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Indonesia nabs Papua official for church construction graft

The corruption case related to the Protestant Church of Kingmi Mile 32 has cost the state more than US$ 1.4 million

Firli Bahuri, chairman of Indonesia's Corruption Eradication Commission (KPK) speaking to reporters after the arrest of Mimika district head, Eltinus Omaleng, on Sept. 8

Firli Bahuri, chairman of Indonesia's Corruption Eradication Commission (KPK) speaking to reporters after the arrest of Mimika district head, Eltinus Omaleng, on Sept. 8. (Photo: ANTARA state news agency)

Published: September 09, 2022 10:21 AM GMT

Updated: September 12, 2022 03:56 AM GMT

A district head in Indonesia’s Papua province has been arrested in connection with alleged corruption in the construction of a church that cost the state more than US$ 1.4 million.

The arrest of Eltinus Omaleng, the Mimika district head and a suspect in the construction of the Protestant Church of Kingmi Mile 32, from a hotel in Jayapura City was announced by the Corruption Eradication Commission (KPK) on Sept. 8.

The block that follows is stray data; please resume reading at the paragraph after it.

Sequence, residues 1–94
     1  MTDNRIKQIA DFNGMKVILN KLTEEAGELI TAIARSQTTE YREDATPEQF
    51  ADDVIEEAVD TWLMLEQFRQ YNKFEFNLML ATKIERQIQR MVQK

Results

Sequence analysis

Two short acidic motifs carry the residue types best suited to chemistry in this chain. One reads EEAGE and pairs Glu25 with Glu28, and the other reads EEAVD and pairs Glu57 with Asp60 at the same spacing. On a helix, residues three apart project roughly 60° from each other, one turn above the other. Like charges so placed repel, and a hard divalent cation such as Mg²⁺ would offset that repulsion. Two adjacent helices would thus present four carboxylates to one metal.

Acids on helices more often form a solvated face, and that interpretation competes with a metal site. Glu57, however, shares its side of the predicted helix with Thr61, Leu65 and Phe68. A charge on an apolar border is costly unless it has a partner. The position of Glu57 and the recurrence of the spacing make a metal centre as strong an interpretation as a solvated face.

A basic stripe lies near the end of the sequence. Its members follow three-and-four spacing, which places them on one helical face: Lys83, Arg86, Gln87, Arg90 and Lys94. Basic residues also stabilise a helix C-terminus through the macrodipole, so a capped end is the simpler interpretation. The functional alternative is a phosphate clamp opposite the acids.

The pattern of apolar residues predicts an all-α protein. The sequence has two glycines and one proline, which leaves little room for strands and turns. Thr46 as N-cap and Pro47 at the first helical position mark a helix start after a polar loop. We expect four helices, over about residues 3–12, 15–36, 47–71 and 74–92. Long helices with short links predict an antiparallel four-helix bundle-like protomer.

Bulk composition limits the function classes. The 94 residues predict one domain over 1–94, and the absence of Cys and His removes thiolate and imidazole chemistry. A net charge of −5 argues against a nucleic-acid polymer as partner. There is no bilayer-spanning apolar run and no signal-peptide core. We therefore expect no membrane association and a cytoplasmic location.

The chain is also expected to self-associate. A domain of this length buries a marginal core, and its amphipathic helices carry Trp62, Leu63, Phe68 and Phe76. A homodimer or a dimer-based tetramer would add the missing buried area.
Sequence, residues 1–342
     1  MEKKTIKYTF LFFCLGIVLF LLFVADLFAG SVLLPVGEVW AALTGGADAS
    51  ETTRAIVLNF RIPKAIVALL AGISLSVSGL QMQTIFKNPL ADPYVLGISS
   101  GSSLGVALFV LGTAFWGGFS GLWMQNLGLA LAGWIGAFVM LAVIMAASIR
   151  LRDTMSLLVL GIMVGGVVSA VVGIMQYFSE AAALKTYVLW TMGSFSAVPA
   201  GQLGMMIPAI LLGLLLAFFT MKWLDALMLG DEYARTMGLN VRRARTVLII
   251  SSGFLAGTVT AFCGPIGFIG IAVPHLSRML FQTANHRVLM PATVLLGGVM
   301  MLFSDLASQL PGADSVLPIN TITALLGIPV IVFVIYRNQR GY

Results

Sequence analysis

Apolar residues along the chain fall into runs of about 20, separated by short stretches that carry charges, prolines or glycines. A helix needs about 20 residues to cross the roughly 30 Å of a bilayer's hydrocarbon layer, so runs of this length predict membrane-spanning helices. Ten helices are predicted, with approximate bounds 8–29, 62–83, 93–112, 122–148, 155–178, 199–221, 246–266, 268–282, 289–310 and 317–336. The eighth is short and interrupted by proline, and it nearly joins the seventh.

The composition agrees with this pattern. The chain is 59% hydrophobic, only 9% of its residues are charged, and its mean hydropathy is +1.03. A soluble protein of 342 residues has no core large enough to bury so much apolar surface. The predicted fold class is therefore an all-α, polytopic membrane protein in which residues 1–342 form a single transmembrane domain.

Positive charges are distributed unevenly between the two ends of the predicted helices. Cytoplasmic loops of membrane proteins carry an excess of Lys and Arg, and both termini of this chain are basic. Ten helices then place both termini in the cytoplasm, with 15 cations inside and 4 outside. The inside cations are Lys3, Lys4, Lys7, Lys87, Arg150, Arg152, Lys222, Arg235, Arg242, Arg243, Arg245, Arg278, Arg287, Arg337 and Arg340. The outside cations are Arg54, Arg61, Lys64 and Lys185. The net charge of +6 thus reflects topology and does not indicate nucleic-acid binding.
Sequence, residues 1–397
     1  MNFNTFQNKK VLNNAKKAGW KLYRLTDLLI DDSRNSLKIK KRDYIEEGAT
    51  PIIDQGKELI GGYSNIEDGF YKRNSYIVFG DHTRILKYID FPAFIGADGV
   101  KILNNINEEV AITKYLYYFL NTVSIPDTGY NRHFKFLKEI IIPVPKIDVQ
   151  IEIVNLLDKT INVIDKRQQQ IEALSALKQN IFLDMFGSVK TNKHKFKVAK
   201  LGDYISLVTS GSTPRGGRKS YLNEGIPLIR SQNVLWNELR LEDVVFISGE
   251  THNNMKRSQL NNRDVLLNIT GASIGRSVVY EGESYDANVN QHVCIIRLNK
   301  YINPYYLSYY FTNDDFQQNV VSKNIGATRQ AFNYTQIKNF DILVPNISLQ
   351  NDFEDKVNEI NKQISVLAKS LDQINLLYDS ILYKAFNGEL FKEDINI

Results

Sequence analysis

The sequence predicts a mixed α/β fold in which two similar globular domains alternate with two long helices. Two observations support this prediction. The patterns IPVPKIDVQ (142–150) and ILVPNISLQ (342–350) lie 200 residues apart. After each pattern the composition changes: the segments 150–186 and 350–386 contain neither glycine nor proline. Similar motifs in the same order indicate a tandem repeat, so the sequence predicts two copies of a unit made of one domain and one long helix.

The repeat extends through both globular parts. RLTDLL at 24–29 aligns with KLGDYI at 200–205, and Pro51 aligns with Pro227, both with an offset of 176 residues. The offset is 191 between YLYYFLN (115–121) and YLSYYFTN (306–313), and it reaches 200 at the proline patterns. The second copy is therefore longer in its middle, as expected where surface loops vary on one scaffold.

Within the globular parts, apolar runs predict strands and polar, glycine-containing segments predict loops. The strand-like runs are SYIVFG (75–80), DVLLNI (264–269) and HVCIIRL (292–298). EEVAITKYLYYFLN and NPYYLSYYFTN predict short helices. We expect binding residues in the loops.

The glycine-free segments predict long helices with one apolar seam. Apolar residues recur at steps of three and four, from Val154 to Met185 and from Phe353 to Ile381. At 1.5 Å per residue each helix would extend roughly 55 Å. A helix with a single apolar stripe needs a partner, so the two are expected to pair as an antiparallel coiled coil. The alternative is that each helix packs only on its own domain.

Firli Bahuri, the chairman of KPK, said Omaleng did not cooperate when asked to appear for questioning by the investigators. Hence an investigation team went to the hotel and made the arrest. Omaleng was later taken to Jakarta.

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A court in Jakarta had rejected Omaleng's lawsuit against declaring him a suspect in the corruption case.

Bahuri said there were two more suspects, Marthen Sawy, head of the People's Welfare Section of the Mimika District Regional Secretariat which oversaw the project, and Teguh Anggara from PT Waringin Megah, the construction company entrusted with the contract to build the church.

The actions of the suspects had resulted in an estimated loss of 21.6 billion rupiah (US$ 1.45 million) of which Omaleng, who served as district head since 2014, is suspected of having received around 4.4 billion rupiah.

This is the first corruption case related to a church construction project handled by the KPK, an institution formed in 2003 that specializes in dealing with corruption cases with state losses exceeding more than one billion rupiah.

Natalius Pigai, a Papuan activist and former commissioner of the National Commission on Human Rights, told UCA News that while it was absolutely necessary to deal strictly with cases of corruption, the need for churches from the community must also be considered.

Petrus Selestinus, a Catholic lawyer and coordinator of the Indonesia Democracy Defending Team, earlier said that the case was a lesson for all parties that the construction of a house of worship should be free from corruption.

Law enforcement agencies are expected to be fair in dealing with such cases so as to avoid “giving the impression of discriminating only against minority religions,” he added.

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